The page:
You’ll find lots of different diets written about on MAN v FAT. Our approach is that all of these diets – even the crazy ones – have something to teach us about nutrition. Investigate them all, try them out. Find one that works for you but never forget that you now own the knowledge which is guaranteed to make you lose weight. In many ways learning about nutrition should be a lifelong experience – you are an experiment of one, measure your intake, enjoy your output and find things that work for you.
MEASURE, RECORD AND ANALYSE
It is vital that you record your intake. To do that you can either use a tracking app like MyFitnessPal or DailyBurn or you could go old-school and write it down at the end of the day in a notebook. A good system for keeping track would record what you ate and drank (in as much detail as possible), what activity you did and any problems or questions you want to get answered. It doesn’t need to take longer than a minute, but this is the information that you’re going to come back to if and when you’re not getting hitting the targets you wanted.
FIVE TIPS FOR THE PERFECT FIRST WEEK
In our experience the first week is critical for the success of your diet.
- Plan the first week in detail – changing your habits is easier when you’re not having to make decisions on the go – why not make up your snacks for the entire week?
- Get all your measurements in place before you start
- Look at the calendar – what’s going on? Are there any potential clashes where you’ll have to change a previous behaviour – e.g. having
- Remember this shouldn’t feel like hard work, plan your meals research lots of recipes that allow you to have a varied diet but with healthier versions of all those things you like to eat
- Have a goal that rewards you for a solid first week
SELECT ACTIVITIES THAT YOU GENUINELY ENJOY
Let’s return to our earlier calculations – your BMR and TDEE was based on how many calories you intake over what you output. There are two sides to that equation, there’s what you take in in the form of your food and drink and then there’s what you expend in terms of your activity. This therefore follows that if you do more exercise then you use up more calories and your body looks to the fat stores to lose weight. Simple.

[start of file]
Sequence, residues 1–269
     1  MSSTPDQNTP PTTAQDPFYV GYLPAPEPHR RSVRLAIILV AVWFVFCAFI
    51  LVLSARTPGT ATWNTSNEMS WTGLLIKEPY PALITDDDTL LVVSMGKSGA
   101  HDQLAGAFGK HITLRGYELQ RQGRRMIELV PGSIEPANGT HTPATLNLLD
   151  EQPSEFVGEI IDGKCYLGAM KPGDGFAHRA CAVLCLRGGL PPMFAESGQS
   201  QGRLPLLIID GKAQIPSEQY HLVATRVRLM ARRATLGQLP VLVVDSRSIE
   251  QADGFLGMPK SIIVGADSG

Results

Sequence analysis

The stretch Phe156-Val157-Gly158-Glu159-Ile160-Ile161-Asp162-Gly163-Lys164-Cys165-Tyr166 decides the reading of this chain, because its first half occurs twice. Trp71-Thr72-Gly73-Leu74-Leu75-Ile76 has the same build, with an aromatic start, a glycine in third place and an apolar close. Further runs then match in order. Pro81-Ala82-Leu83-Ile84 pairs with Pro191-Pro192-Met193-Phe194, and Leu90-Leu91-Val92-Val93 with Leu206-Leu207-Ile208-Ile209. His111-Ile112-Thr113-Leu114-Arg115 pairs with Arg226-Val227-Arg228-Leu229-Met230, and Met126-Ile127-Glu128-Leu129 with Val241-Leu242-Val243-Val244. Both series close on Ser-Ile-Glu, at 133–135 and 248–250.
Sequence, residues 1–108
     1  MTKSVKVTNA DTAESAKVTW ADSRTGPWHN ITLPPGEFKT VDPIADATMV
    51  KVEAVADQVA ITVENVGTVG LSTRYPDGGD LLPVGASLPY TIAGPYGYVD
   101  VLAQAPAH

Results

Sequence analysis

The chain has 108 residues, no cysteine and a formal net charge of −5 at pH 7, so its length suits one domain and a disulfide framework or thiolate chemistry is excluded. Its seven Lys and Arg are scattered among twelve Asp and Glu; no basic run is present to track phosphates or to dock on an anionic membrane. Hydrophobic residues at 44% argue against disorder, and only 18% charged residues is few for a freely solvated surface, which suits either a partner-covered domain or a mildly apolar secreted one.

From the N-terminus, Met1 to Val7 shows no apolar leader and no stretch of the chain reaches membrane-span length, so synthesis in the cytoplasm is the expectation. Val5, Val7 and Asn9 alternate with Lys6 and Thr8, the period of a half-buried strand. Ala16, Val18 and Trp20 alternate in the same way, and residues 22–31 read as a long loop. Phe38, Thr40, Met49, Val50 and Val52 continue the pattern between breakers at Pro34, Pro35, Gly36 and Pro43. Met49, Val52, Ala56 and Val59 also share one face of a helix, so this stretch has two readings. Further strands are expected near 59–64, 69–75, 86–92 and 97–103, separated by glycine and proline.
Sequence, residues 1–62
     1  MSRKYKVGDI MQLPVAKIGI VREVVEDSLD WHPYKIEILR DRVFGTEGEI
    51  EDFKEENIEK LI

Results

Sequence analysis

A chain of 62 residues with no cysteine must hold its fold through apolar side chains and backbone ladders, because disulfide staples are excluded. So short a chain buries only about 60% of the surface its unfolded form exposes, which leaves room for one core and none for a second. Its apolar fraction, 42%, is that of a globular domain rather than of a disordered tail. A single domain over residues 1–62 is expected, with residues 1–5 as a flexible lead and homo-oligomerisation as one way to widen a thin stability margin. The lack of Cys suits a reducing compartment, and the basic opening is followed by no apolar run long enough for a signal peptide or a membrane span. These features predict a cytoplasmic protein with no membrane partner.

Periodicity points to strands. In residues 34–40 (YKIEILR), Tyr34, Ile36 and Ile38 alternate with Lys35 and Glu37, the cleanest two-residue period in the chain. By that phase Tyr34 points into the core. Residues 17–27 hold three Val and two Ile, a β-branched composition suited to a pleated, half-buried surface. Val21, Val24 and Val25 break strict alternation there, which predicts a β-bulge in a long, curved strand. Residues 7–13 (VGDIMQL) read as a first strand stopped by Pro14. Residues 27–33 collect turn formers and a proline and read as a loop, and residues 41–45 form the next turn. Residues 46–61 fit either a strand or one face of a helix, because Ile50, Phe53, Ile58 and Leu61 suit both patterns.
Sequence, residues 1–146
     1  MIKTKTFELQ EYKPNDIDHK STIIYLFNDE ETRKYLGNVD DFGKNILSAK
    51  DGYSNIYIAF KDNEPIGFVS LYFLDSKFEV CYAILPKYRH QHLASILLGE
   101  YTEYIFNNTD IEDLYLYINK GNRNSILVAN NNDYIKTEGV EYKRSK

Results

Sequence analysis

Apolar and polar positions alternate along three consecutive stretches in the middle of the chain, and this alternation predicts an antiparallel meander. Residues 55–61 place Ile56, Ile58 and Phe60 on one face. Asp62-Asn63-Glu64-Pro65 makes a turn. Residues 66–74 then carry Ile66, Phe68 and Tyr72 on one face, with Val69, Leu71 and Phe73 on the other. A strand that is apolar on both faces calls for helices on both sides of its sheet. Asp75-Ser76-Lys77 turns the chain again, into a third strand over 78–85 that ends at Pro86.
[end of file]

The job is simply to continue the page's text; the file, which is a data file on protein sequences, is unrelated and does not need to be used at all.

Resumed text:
Where people tend to get exercise wrong is that they take all the fun out of it. They find themselves groaning on treadmills, or suffering through aquafit classes when they really hate them. It would be funny if it weren’t so sad. The first and only rule with fitness is that you have to focus on what you enjoy! If you enjoy something then you’re never going to look at it as a chore, you’ll actively want to do it. You’ll also naturally look for ways to get better at it. It seems so simple but how many times have you pushed yourself to do something you loathe because it could burn some calories?
So it’s time to choose what you enjoy: Walking? Running? Golf? Sports? Yoga? Dancing? Fighting? There are a world of sports and activities out there. If you haven’t found one that you love then it’s probably because you haven’t tried enough. So go out and start trying them. You should aim to do as much as possible (three to five sessions per week is a reasonable target).